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Hydraulic Punching and Shearing' Machines.       291

At Fig. 284 is shewn an Hydraulic Punching and
Shearing Machine, designed by the late Mr. R. H. Tweddell, of
Westminster, for performing the same operations as the foregoing
by means of water pressure. In this example there is no reason
why the three parts should be combined except to save floor space.
A cylinder and ram are required for each operation : A for punch-                        I

ing, B for angle-cutting, and c for shearing; there are also the                        J

lifting pistons at I) D D. Water being supplied from the accumu-
lator pumps at a pressure of 1500 or 2000 Ibs. per sq. inch,
two pipes are connected with each cylinder, one for ' pressure'
and the other for ' exhaust,7 marked P and E respectively. The
valve boxes at F are supplied with piston valves (worked from
hand and foot levers j and K) to control the supply and exhaust;
but a constant pressure, on the pistons D D, causes the rams to
rise when water is exhausted from the main cylinder. A
small lever G, moved by ram c when at the end of its down                        f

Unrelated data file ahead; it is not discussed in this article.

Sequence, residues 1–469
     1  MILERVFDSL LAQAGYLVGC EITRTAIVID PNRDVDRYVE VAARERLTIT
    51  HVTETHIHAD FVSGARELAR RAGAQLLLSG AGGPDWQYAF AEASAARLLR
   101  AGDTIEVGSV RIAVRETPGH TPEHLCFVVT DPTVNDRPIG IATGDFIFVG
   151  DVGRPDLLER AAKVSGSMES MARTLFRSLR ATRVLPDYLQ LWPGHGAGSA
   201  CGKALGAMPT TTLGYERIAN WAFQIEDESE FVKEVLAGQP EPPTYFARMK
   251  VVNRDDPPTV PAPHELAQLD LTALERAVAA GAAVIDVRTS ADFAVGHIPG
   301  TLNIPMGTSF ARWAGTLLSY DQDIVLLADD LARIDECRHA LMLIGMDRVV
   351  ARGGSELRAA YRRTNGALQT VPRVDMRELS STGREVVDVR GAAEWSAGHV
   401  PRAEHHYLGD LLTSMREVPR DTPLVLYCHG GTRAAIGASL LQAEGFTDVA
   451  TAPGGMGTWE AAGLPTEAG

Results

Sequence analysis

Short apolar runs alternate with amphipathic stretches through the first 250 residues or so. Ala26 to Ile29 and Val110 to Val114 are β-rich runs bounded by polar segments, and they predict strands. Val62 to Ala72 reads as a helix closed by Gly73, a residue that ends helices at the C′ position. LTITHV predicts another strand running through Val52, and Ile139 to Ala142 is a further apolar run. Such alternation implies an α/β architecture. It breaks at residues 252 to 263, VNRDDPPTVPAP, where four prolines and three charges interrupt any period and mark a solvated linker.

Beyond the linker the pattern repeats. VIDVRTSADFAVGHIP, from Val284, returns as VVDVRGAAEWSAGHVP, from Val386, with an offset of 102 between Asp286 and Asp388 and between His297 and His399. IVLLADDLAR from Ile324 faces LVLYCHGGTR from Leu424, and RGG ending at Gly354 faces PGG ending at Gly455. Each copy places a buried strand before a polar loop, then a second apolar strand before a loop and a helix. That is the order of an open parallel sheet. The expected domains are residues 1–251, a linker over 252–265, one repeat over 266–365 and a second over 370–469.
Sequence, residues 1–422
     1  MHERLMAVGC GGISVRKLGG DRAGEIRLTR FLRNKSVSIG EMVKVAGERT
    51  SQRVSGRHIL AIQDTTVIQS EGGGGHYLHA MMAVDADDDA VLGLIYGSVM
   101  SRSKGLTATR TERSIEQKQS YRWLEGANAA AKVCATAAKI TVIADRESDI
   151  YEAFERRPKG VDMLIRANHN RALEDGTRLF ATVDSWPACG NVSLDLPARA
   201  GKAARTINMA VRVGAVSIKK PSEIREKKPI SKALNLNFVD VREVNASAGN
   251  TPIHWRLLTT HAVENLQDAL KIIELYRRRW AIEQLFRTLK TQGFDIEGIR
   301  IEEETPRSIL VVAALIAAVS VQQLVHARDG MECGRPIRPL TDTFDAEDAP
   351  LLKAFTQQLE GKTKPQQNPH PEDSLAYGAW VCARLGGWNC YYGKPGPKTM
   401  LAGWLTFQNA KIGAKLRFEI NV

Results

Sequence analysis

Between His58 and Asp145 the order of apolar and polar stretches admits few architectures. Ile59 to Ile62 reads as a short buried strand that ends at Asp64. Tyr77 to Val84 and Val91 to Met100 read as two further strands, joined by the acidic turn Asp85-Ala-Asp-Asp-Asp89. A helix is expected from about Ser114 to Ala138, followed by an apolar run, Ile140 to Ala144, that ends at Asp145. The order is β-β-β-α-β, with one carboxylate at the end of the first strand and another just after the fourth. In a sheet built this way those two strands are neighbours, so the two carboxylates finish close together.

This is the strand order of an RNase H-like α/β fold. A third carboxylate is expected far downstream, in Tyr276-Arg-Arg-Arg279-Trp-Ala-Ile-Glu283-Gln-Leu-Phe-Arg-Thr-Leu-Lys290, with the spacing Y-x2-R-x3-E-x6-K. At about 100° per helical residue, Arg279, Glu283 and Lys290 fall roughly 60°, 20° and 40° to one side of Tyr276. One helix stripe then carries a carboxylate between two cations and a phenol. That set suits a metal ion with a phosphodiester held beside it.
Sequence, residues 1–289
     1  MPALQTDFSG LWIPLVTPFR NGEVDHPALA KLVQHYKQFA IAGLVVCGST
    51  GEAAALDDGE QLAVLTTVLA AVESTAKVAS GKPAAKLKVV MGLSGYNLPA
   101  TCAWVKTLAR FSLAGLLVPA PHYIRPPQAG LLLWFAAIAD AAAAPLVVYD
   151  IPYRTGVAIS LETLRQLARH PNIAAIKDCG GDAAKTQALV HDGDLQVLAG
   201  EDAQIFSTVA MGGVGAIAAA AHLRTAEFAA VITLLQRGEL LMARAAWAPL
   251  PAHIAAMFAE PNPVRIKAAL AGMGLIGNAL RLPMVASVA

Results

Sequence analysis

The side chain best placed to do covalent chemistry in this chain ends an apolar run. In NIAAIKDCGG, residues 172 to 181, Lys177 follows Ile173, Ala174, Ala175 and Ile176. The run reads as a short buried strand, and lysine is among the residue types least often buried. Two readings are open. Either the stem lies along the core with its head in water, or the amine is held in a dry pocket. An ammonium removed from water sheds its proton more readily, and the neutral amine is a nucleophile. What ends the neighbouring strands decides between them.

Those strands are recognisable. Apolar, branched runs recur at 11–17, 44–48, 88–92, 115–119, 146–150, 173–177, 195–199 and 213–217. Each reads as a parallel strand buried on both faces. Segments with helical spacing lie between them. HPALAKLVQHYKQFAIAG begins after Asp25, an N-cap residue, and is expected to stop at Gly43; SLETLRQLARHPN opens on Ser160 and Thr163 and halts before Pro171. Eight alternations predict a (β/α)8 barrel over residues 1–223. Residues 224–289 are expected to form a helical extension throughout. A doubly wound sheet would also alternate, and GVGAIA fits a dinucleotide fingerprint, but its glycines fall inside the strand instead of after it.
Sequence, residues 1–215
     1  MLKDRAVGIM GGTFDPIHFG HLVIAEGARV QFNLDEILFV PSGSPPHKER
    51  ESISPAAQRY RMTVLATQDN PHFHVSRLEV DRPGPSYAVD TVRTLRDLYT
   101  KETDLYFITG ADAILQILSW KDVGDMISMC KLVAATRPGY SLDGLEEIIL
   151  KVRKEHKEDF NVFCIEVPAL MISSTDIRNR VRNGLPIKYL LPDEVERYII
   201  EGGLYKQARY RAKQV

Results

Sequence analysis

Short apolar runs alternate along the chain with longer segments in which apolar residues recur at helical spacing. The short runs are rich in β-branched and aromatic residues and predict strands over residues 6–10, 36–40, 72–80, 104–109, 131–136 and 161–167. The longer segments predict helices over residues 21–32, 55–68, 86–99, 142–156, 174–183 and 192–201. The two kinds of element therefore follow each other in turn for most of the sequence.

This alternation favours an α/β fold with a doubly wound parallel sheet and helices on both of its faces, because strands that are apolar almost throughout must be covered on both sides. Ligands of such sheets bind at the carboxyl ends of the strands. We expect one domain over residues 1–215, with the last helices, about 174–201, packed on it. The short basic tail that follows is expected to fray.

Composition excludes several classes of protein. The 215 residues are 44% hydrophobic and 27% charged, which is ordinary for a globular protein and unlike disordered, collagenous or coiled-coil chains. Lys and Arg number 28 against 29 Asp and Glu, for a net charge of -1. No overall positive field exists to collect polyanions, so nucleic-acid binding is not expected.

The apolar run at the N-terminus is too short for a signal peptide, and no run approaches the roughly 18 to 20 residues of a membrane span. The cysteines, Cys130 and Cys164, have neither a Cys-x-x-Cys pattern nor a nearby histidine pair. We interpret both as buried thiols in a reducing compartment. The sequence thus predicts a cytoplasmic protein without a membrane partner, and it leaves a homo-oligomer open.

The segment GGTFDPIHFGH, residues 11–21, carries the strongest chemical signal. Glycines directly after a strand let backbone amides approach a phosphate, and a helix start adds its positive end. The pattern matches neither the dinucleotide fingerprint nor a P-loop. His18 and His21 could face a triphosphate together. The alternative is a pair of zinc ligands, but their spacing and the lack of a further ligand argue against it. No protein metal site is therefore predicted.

stroke, is connected to a screwed rod H, having adjustable discs,
which restore the levers j nd K to the horizontal position,
stopping the water supply and the movement of ram c : this is
known as cut-off gear. Two overhanging cranes L, L? support
the plates while being operated on.

The Multiple Punching or Shearing Machine in
Fig. 284^, on Tweddell's system, has been designed to prepare
plates required in forming wrought-iron pipes for conveying
water or oil across country, and known as 'pipe lines;' it is also
useful for ships' funnels and masts, and for girder work generally.
A shearing blade or row of punches can be attached at will; the
latter being shewn in operation at A. The punches are set alter-
nately low and high, so that th^ punching resistance commences
gradually, and they are attached to a beam B capable of vertical
movement Downward motion is obtained by a ]bl!ward travel
of bar c, whose lower rollers press upon beam B, while the upper
ones re-act upon inclined planes D, D, b, fastened to the framing,
The working ram E (see enlarged section) moves bar c; water
entering the cylinder F from behind, and connection between
c and E being made with a toggle o, to allow for vertical travel,
K is the valve boic with piston-valve moved by lever j, and the
cut-off is effected automatically by the bell crank K, as